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Tag Archive for Washington

What You Need To Know About The Taxability Of SAAS In Nine Western States

Monika Miles

When it comes to Software-as-a-Service (SaaS) companies, there’s often confusion regarding both nexus and the taxability of this revenue stream.

And while the Wayfair decision seems like it’s directed only at online sellers, traditional multi-state sellers (including those that generate revenue from SaaS and software) are also affected, as nexus is now easier to establish. Once it is established – either by traditional physical presence or by sales volume – then companies will need to consider the taxability rules of SaaS in each state in which they have nexus.

Is SaaS even taxable? Because SaaS and cloud computing don’t always clearly fall into existing tax definitions, different states interpret its taxability in different ways. Some regard it as similar to electronically downloaded software, while others consider it a service, which may be taxable or not. And what about electronically downloaded software? Is it treated differently from SaaS?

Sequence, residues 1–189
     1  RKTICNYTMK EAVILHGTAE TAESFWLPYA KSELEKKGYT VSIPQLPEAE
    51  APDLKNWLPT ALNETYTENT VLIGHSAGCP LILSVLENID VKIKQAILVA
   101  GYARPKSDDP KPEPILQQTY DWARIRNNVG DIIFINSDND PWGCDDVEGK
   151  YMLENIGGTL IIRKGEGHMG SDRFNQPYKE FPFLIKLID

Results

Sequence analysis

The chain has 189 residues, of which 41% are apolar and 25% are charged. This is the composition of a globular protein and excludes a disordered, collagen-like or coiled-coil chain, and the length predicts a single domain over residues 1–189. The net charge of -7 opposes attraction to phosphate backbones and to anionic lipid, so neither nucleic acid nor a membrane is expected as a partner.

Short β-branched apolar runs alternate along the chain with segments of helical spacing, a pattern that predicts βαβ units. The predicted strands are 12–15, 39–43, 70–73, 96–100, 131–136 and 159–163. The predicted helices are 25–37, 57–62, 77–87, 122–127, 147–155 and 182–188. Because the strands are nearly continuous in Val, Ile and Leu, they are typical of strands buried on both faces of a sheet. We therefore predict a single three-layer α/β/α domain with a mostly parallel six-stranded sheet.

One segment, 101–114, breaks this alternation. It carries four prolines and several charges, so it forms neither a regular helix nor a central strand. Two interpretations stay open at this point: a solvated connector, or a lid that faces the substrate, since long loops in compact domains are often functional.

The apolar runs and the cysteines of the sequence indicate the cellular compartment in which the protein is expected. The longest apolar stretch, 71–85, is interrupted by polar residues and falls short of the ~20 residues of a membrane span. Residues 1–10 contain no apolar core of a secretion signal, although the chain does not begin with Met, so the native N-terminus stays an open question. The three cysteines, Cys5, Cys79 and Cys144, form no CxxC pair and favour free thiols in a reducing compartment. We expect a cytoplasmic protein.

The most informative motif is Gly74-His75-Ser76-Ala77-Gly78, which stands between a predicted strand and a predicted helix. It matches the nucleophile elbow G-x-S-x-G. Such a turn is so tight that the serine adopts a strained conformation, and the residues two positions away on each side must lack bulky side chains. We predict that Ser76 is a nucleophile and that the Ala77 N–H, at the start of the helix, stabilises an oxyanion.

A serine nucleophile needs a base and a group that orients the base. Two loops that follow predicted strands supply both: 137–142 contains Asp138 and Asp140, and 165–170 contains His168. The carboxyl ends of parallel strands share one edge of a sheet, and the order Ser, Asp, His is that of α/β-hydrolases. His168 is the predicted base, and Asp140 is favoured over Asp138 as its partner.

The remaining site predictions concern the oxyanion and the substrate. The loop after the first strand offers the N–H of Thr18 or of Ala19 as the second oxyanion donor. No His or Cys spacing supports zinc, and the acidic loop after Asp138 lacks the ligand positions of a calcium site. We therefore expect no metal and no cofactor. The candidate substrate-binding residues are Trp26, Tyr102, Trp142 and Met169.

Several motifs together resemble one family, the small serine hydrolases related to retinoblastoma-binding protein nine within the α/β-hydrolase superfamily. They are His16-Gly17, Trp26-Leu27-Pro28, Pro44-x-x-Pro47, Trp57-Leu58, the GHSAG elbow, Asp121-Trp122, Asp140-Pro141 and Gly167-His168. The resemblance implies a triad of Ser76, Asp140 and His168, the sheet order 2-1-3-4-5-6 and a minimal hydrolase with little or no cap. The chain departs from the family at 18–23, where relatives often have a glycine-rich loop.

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12 Important Details: Sales Tax & Washington’s New Marketplace Facilitators

We recently shared an overview of Washington’s New Marketplace Fairness solution. While we’re skeptical it will help rather than hinder, it’s important you know additional details about marketplace facilitators and sellers. Read on to get an overview of the marketplace, how sales tax comes in, as well as the collection and reporting of it.

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What Is Washington’s Marketplace Fairness? An Overview & New Online Sales Tax Solution